“I don’t expect that to be a major factor long term, though, as I think Google got it right this time,” he said. “I can’t think of anything that Buzz and Wave left us wanting that isn’t incorporated into Plus. We are already seeing a lot of students, faculty and higher ed staff joining Plus, and I expect that to just continue increasing exponentially.”

The ability to separate students and professors and maintain appropriate distance from each other’s personal lives has been a much-discussed selling point for Google Plus in education.

An education-technology blogger said in a recent post that Plus’s circles fall short of necessary social media censoring.

John Woodring, a middle school teacher who blogs about instructional technology on Schoology.com, said that while Google Plus’s privacy settings “look a lot better and simpler” than privacy options on Facebook, “I am still not trusting Google totally yet.”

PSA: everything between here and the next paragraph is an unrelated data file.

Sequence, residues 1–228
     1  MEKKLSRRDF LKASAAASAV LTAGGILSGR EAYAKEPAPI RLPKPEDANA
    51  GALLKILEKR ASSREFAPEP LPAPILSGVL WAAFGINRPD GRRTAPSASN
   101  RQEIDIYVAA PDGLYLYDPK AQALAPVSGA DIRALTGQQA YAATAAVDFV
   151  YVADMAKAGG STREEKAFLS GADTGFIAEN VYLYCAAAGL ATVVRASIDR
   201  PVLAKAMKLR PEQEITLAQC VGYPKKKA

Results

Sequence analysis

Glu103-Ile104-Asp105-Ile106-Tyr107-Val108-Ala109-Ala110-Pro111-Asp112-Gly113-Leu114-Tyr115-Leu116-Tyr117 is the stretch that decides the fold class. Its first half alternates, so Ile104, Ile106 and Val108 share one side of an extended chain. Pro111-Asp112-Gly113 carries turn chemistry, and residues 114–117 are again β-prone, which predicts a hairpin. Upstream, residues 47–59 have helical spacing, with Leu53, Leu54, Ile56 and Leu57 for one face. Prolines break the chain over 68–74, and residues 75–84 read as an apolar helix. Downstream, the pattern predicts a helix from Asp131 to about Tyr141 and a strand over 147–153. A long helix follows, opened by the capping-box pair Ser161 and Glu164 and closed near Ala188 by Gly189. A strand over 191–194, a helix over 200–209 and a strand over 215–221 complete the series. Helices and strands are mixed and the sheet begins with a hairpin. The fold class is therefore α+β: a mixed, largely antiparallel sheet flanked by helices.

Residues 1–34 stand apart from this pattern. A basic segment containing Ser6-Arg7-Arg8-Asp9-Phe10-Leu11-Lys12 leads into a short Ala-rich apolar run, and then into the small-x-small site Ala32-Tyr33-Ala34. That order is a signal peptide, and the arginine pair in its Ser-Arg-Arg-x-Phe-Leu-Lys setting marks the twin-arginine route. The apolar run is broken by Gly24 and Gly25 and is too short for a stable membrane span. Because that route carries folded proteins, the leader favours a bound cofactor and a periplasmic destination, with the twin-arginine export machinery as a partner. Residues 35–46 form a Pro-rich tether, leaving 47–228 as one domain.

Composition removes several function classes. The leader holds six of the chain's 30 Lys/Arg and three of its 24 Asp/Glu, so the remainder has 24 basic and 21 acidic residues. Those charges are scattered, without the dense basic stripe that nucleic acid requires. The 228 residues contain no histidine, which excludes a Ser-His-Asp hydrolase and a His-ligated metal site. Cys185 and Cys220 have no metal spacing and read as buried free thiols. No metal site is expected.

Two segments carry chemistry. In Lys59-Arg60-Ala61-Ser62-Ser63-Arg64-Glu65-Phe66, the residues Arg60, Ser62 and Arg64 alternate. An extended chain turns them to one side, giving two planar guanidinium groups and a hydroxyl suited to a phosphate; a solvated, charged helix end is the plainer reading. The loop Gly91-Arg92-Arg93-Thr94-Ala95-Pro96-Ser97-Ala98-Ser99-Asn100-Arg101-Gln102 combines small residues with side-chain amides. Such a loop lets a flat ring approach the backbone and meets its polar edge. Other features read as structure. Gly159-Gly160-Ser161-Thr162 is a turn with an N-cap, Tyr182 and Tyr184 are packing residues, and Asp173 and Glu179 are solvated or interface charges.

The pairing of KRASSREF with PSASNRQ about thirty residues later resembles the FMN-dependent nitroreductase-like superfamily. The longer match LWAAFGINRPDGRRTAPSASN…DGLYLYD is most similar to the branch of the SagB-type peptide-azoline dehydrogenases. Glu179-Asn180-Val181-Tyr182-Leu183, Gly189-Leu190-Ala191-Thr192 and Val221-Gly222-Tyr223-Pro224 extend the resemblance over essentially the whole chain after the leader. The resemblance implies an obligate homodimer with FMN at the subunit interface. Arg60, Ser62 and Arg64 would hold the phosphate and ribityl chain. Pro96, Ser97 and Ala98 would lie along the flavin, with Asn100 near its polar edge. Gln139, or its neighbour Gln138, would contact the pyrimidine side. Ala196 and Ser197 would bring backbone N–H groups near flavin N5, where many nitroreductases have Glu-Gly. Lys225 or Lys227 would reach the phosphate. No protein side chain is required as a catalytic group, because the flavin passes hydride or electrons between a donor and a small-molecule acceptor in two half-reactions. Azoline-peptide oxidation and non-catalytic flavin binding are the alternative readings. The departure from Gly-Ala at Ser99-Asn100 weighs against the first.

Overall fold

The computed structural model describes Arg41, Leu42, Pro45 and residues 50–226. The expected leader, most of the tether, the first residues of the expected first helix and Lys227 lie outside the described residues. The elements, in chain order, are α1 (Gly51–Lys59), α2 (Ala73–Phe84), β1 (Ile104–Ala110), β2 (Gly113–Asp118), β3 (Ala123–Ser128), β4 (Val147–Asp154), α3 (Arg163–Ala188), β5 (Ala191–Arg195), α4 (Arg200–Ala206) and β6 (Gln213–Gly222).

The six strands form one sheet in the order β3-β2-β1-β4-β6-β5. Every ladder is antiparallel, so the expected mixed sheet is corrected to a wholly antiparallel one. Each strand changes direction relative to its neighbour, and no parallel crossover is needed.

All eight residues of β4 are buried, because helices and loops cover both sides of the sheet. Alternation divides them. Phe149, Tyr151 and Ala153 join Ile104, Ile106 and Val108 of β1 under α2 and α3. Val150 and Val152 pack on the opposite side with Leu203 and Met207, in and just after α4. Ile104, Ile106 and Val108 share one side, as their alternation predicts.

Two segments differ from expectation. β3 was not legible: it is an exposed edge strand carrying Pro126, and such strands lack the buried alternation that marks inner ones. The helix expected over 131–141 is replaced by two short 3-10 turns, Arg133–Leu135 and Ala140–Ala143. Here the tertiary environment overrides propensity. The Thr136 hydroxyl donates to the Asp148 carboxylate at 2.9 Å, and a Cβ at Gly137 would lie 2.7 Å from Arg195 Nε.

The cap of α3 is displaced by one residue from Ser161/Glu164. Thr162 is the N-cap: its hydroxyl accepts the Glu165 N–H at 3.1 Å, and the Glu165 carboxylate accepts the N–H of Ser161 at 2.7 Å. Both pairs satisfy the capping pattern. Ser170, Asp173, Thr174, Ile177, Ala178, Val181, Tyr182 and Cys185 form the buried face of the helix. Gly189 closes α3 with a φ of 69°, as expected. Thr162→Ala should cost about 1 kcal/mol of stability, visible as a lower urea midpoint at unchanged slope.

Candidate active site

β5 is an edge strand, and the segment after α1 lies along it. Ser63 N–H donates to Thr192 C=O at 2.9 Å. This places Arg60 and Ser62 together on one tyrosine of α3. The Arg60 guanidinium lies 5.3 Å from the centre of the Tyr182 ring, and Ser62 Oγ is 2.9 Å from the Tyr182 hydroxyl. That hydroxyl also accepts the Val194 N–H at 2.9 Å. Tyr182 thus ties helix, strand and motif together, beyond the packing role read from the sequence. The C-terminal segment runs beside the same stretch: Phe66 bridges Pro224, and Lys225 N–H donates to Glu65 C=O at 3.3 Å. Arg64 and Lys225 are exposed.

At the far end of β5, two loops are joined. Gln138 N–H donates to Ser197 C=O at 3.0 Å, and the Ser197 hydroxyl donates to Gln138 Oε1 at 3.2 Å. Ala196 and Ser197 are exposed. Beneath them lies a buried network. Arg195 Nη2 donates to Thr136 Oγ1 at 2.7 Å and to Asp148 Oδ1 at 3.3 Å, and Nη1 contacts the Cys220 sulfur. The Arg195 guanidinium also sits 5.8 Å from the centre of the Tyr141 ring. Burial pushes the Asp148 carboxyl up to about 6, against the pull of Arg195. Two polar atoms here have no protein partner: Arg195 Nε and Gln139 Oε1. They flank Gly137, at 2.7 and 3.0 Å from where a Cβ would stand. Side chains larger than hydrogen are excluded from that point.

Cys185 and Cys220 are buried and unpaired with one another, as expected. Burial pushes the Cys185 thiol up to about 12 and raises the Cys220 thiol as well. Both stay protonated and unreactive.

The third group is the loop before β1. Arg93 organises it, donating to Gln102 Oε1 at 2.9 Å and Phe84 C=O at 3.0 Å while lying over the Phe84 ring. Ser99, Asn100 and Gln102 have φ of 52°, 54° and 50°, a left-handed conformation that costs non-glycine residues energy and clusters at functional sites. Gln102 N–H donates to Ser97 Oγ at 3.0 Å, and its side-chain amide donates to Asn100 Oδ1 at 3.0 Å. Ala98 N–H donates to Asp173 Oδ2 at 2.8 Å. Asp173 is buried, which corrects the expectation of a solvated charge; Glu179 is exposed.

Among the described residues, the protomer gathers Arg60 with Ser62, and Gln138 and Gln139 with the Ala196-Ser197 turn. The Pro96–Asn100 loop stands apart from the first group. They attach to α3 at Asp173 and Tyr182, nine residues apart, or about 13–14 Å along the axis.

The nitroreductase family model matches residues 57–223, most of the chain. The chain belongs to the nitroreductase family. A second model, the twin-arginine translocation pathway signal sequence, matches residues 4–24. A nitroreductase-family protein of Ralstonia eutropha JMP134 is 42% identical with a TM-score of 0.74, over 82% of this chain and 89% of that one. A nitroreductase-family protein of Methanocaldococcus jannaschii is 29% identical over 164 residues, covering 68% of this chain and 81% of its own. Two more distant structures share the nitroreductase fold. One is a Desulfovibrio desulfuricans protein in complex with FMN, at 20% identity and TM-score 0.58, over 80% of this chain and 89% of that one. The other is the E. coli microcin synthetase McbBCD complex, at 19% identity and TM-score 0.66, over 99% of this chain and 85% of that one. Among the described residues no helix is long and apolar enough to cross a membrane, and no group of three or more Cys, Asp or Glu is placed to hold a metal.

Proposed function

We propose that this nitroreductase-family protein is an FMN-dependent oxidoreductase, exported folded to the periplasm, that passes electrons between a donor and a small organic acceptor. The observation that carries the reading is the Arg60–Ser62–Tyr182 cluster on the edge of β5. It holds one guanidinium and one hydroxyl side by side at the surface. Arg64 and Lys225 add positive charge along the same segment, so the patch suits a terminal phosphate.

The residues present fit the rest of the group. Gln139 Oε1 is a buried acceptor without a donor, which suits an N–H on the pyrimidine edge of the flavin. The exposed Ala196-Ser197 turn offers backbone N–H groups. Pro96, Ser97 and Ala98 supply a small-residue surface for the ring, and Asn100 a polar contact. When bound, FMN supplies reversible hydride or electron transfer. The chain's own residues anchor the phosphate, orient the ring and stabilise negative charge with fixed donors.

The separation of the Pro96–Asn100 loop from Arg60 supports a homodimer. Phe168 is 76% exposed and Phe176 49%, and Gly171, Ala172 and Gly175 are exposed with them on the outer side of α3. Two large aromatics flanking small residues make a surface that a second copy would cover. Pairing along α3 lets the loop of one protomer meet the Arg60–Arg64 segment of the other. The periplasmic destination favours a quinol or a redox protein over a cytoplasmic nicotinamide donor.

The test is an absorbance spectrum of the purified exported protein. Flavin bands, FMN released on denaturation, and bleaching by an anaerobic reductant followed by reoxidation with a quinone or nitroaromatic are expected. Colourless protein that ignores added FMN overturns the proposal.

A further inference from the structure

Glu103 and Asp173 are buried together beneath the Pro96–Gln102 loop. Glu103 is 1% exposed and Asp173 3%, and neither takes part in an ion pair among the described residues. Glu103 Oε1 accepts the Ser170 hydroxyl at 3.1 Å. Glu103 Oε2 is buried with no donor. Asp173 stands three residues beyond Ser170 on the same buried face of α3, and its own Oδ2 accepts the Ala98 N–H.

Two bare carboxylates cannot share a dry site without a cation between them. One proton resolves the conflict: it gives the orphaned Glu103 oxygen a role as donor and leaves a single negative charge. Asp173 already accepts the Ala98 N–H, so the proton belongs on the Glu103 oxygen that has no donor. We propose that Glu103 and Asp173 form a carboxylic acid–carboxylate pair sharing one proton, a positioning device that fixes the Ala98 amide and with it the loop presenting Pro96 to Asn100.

Educators might be savvy enough to isolate their online posts to a select group of friends, family, or colleagues, but circles are not a trustworthy safeguard against students sharing inappropriate posts with their teachers.

“I still like that high wall that separates me from my students online, and I don’t think the circles are a high enough wall,” Woodring said.

Woodring said Google Plus’s initial audience will include students alarmed by media reports about student privacy being compromised on Facebook or disciplinary action taken by school officials against students who post inflammatory remarks or scandalous photos on the massive social network.

“Many young people are on Facebook to communicate with their friends, but they’re starting to have concerns about privacy as they learn more about cyber safety,” he said. “Google Plus right now has the edge in privacy.”

Brand name loyalty may also be a factor in Google Plus’s membership.


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